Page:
Interlinkages of cryptocurrency and stock markets during the COVID-19 pandemic by applying a QVAR model

Nguyen Hong Yen (Vietnam Banking Academy, Hanoi, Vietnam)
Le Thanh Ha (Department of Economics, National Economics University, Hanoi, Vietnam)

European Journal of Management and Business Economics

ISSN: 2444-8494

Article publication date: 31 March 2023

Issue publication date: 18 March 2024

1315

Abstract

Purpose

This paper aims to study the interlinkages between cryptocurrency and the stock market by characterizing their connectedness and the effects of the COVID-19 crisis on their relations.

Design/methodology/approach

The author employs a quantile vector autoregression (QVAR) to identify the connectedness of nine indicators from January 1, 2018, to December 31, 2021, in an effort to examine the relationships between cryptocurrency and stock markets.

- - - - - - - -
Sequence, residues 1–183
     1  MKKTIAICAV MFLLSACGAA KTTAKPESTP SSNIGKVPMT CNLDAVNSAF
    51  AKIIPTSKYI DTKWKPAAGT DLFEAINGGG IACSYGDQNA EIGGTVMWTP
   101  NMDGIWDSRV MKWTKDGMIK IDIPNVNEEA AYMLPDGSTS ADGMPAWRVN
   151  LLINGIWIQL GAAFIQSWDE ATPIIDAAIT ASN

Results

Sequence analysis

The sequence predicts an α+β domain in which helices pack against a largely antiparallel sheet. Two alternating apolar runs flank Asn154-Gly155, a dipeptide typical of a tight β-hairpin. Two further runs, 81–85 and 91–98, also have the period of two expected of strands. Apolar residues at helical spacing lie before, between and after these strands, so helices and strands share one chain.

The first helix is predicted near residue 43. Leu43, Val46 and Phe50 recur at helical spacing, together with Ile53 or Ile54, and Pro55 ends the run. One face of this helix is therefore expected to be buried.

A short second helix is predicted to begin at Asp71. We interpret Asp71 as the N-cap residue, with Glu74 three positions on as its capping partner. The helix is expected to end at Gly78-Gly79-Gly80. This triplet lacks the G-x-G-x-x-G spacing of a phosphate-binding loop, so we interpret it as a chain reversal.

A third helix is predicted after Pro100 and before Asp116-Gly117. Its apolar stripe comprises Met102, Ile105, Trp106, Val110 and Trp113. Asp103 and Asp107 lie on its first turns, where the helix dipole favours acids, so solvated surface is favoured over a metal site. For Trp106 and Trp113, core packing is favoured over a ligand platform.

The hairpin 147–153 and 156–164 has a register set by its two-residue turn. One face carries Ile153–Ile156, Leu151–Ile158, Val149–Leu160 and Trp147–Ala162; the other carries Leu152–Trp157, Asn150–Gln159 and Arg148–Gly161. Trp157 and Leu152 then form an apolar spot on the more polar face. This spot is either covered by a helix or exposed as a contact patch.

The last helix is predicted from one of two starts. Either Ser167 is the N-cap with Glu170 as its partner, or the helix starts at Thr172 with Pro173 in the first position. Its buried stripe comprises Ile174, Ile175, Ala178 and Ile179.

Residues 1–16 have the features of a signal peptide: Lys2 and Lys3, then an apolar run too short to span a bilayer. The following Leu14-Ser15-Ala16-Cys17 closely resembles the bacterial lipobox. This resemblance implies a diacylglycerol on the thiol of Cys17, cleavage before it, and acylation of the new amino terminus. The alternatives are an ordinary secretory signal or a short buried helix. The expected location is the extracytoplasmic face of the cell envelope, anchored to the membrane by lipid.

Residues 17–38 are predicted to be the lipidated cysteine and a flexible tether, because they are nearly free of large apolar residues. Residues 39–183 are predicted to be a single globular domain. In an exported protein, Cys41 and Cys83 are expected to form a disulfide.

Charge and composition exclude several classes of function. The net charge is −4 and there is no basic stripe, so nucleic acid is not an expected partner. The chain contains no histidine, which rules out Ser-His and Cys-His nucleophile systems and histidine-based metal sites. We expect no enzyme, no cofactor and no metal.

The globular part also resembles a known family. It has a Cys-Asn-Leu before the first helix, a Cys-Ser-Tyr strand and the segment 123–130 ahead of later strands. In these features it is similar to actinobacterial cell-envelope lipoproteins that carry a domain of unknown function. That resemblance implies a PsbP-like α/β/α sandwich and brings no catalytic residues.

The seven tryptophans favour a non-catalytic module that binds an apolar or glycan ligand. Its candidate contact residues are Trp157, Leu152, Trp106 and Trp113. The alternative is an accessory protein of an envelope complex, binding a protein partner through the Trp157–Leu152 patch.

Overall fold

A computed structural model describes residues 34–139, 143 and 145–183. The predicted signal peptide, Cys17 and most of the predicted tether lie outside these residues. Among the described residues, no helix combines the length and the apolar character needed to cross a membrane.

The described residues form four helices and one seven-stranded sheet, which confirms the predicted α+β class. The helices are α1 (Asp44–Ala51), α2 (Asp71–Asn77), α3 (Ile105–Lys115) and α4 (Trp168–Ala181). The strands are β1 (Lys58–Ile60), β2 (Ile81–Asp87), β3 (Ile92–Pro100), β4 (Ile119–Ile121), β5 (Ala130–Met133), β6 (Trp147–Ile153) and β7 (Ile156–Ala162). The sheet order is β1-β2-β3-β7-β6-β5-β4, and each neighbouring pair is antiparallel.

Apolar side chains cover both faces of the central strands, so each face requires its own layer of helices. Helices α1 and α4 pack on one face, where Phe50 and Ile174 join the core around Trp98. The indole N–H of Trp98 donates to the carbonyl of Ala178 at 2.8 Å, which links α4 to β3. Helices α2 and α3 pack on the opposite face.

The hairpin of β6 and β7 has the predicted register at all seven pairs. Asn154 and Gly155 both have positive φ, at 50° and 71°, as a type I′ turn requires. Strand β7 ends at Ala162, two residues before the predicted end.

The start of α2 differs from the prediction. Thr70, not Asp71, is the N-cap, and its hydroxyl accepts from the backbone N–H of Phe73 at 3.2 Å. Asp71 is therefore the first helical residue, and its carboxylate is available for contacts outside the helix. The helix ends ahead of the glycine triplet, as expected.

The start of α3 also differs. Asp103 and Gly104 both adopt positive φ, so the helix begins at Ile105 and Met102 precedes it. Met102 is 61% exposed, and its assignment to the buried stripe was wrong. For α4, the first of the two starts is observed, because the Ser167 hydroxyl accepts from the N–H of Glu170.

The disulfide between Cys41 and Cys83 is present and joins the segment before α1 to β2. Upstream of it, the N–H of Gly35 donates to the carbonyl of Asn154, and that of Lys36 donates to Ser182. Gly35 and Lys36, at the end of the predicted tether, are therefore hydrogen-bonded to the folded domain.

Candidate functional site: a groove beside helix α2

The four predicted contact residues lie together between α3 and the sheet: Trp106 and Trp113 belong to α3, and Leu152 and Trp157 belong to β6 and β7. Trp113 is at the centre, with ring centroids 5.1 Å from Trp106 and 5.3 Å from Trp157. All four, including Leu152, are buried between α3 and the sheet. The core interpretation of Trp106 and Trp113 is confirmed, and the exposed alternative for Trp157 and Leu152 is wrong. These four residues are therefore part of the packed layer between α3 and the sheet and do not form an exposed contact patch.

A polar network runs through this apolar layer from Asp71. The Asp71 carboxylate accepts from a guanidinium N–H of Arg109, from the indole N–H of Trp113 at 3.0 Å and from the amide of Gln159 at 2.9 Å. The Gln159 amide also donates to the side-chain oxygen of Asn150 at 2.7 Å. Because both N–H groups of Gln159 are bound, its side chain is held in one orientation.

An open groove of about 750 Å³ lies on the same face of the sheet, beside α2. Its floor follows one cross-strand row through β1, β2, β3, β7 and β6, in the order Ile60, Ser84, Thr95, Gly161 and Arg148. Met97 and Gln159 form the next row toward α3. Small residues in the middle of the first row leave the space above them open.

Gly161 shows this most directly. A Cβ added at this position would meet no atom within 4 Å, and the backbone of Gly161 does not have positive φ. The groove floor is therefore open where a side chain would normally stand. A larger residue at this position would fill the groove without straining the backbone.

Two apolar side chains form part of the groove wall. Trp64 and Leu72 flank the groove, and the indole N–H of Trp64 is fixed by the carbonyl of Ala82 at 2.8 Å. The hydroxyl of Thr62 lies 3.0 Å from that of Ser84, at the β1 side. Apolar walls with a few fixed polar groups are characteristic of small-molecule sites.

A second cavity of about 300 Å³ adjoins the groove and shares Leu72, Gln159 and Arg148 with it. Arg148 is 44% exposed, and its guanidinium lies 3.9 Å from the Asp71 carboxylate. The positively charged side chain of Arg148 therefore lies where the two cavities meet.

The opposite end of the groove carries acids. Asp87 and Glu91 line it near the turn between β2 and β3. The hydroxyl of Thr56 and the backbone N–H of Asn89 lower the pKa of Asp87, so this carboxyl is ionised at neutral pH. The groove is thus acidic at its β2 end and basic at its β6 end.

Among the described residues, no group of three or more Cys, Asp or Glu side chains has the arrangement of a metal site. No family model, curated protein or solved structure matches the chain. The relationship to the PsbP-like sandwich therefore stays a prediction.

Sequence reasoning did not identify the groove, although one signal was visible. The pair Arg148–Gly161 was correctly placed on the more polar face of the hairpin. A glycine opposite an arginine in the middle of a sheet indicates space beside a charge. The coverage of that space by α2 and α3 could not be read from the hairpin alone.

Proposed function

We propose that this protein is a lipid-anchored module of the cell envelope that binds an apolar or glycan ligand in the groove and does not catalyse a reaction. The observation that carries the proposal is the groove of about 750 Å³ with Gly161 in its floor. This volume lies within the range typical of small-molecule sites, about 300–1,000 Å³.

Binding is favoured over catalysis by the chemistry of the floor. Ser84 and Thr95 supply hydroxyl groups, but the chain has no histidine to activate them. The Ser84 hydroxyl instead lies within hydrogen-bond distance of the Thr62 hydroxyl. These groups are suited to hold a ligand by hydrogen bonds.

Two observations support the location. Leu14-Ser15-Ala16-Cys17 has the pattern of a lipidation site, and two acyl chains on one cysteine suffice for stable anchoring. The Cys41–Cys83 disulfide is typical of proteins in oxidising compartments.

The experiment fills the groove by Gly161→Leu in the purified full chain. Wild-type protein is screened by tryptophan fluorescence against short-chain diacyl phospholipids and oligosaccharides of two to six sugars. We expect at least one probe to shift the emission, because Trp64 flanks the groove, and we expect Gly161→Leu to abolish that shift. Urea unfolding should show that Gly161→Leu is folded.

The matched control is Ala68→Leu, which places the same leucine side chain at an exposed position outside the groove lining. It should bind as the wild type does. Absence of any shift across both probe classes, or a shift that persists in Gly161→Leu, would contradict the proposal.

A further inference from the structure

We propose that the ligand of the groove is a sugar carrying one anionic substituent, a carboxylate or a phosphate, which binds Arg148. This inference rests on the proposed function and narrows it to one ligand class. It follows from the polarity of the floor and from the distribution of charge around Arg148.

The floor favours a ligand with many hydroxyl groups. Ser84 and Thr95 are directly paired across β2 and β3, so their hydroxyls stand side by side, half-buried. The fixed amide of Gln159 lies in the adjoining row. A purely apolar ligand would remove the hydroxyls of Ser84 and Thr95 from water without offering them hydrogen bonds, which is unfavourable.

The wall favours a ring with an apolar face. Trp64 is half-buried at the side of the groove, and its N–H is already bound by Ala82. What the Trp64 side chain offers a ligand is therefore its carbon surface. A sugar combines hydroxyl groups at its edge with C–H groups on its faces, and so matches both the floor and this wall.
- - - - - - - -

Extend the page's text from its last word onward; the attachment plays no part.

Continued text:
Findings

The results demonstrate that the pandemic shocks appear to have influences on the system-wide dynamic connectedness. Dynamic net total directional connectedness implies that Bitcoin (BTC) is a net short-duration shock transmitter during the sample. BTC is a long-duration net receiver of shocks during the 2018–2020 period and turns into a long-duration net transmitter of shocks in late 2021. Ethereum is a net shock transmitter in both durations. Binance turns into a net short-duration shock transmitter during the COVID-19 outbreak before receiving net shocks in 2021. The stock market in different areas plays various roles in the short run and long run. During the COVID-19 pandemic shock, pairwise connectedness reveals that cryptocurrencies can explain the volatility of the stock markets with the most severe impact at the beginning of 2020.